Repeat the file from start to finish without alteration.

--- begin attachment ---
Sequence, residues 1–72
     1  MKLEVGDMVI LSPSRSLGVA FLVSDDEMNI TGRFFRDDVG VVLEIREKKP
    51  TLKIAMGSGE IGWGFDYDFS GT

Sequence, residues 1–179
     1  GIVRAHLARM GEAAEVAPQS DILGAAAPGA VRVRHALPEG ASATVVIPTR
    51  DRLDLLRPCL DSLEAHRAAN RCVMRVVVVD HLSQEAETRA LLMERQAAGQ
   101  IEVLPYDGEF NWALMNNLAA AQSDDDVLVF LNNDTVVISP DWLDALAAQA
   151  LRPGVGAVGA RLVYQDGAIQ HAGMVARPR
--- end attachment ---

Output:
Sequence, residues 1–72
     1  MKLEVGDMVI LSPSRSLGVA FLVSDDEMNI TGRFFRDDVG VVLEIREKKP
    51  TLKIAMGSGE IGWGFDYDFS GT

Sequence, residues 1–179
     1  GIVRAHLARM GEAAEVAPQS DILGAAAPGA VRVRHALPEG ASATVVIPTR
    51  DRLDLLRPCL DSLEAHRAAN RCVMRVVVVD HLSQEAETRA LLMERQAAGQ
   101  IEVLPYDGEF NWALMNNLAA AQSDDDVLVF LNNDTVVISP DWLDALAAQA
   151  LRPGVGAVGA RLVYQDGAIQ HAGMVARPR